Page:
Haletown Volunteer Fire Department, Puckett EMS, and Marion County Sheriff’s Office also responded. Haletown Fire Department arrived with a boat for rescue efforts. However, the vessel was small, and it was capsized by winds before disconnecting from the trailer. TWRA officers were able to ferry kayakers to shore, where they were tended to by medical personnel. No injuries resulted from the incident.  

All kayakers were wearing life jackets. TWRA Boating Officer David Holt stated, “This is a great example of the importance of life jackets. With water temperatures in the mid to high 40’s and high windspeeds, life jackets were a key safety factor.” Wildlife Officers and all agencies responded quickly to the scene to provide care for the stranded boaters and get them back to safety in extremely poor water conditions.

 

More information on safe boating can be found at tnwildlife.org

State Education Report Card (Press Release)

Today, the Tennessee Department of Education released the 2022-23  State Report Card, highlighting new interactive features for families and users to learn more on how districts and schools are performing across the state. 

 

The State Report Card offers families, education leaders, elected officials, and the public a variety of interactive displays that can inform tailored strategies and investments to support students and schools. 

“The updated State Report Card shares powerful data about Tennessee’s public schools and districts, and importantly, empowers families and local communities with information to help them best advocate for students and their public schools,” said Commissioner Lizzette Reynolds. 

 

Annually, the State Report Card is updated to provide information about school and district performance, including overall achievement and progress on state assessments, attendance, English learners’ proficiency in English, graduation rate, and students’ postsecondary readiness. This year, the Report Card highlights the new School Letter Grade system as well as the Tennessee Investment in Student Achievement (TISA), the new state funding formula which is providing dollars to support specific student needs.  

 

Families can use the updated State Report Card to see how their child’s school is doing using interactive features such as: 

An enhanced letter grade page within each individual school’s profile, showing a snapshot of their child’s school’s performance. 

A TISA calculator tool that demonstrates how the new state funding formula addresses individual student needs.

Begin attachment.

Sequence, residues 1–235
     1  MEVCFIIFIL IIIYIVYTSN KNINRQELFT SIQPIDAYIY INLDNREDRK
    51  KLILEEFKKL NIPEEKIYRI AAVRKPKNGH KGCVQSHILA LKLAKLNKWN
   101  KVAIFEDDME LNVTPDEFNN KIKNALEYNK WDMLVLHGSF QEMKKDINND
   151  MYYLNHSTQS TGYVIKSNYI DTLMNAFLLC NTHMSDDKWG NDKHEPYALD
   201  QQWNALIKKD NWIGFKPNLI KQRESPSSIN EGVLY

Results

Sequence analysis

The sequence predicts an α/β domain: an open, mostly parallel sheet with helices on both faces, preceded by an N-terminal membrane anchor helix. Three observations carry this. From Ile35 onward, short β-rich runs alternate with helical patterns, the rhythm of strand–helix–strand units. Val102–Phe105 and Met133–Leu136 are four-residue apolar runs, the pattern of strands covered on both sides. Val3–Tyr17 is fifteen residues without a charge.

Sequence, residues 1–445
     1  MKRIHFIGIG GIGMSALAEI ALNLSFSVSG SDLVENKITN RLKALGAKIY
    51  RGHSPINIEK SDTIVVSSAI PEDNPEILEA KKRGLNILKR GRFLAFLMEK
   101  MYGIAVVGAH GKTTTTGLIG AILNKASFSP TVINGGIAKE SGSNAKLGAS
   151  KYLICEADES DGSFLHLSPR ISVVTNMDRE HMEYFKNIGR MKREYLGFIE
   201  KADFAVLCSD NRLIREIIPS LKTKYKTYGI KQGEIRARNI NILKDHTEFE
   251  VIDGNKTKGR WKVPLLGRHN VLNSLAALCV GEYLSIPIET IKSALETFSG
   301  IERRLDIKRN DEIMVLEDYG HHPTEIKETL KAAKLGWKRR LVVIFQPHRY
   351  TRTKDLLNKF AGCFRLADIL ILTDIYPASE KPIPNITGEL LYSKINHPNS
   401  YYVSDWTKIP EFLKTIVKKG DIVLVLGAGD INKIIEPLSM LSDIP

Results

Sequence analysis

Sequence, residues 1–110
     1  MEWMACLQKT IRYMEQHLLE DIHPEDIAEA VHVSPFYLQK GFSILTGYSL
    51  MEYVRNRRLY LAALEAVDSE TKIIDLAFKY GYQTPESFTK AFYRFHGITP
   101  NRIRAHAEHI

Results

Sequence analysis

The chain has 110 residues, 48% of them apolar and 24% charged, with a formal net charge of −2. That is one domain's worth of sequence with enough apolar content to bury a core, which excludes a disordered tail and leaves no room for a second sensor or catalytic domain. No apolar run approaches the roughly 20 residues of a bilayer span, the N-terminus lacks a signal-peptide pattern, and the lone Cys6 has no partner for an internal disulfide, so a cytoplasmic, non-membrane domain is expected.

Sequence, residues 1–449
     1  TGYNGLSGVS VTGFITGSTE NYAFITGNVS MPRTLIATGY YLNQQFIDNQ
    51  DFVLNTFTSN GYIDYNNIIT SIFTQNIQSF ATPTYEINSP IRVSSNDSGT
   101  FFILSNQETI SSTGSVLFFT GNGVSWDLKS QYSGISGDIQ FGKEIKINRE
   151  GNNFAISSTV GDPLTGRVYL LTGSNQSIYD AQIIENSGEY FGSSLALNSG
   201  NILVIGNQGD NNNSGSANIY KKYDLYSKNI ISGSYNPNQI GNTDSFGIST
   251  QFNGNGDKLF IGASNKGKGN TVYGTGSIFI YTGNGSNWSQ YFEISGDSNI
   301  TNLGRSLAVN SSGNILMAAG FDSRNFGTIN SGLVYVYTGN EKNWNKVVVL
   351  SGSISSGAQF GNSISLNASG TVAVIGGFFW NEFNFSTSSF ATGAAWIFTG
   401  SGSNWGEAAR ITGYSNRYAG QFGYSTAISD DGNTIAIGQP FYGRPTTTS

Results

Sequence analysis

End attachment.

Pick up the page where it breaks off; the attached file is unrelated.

The 2022-23 State Report Card can be accessed at  tdepublicschools.ondemand.sas.com/

Gas Prices (MSM)

Pump price increases across the state gained momentum last week, rising nine cents on average. The Tennessee Gas Price average is now $3.18 which is 24 cents more expensive than one month ago and five cents more than one year ago.  

“There’s still plenty of upward pressure on gas prices right now in the market, and with last week’s crude oil price increases it’s likely Tennesseans will see another round of increases at the pump this week,” said Megan Cooper, spokeswoman for AAA – The Auto Club Group. “Any time we see big oil price gains like we saw last week, it typically takes a week or two before those adjustments move through the retail market.”

Quick Facts

69% of Tennessee gas stations have prices below $3.25 

The lowest 10% of pump prices are $2.95 for regular unleaded 

The highest 10% of pump prices are $3.47 for regular unleaded

Tennessee is the 7th least expensive market in the nation

Final Story of the Day (Maury County Source)

The Tennessee Titans announced its 2024 Youth Football Camp schedule. During May and June, the Titans will host a series of camps across Middle Tennessee open to children ages 7-14.

Participants will learn proper football fundamentals, skills, and position techniques, as well as teamwork skills and the value of good character. Instruction will be led by Tennessee high school and college coaches, with additional support from former Titans players.

Camp registration includes a t-shirt, Titans giveaway bag, photo opportunity with Titans mascot T-Rac, instruction from former Titans players and local high school and college coaches, and the option to purchase discounted tickets to the Titans vs Jaguars game at Nissan Stadium (date TBD).

If there is a financial need, scholarships will be available. To sign-up for Tennessee Titans Youth Football Camps, visit www.tennesseetitans.com/youthfootballcamps.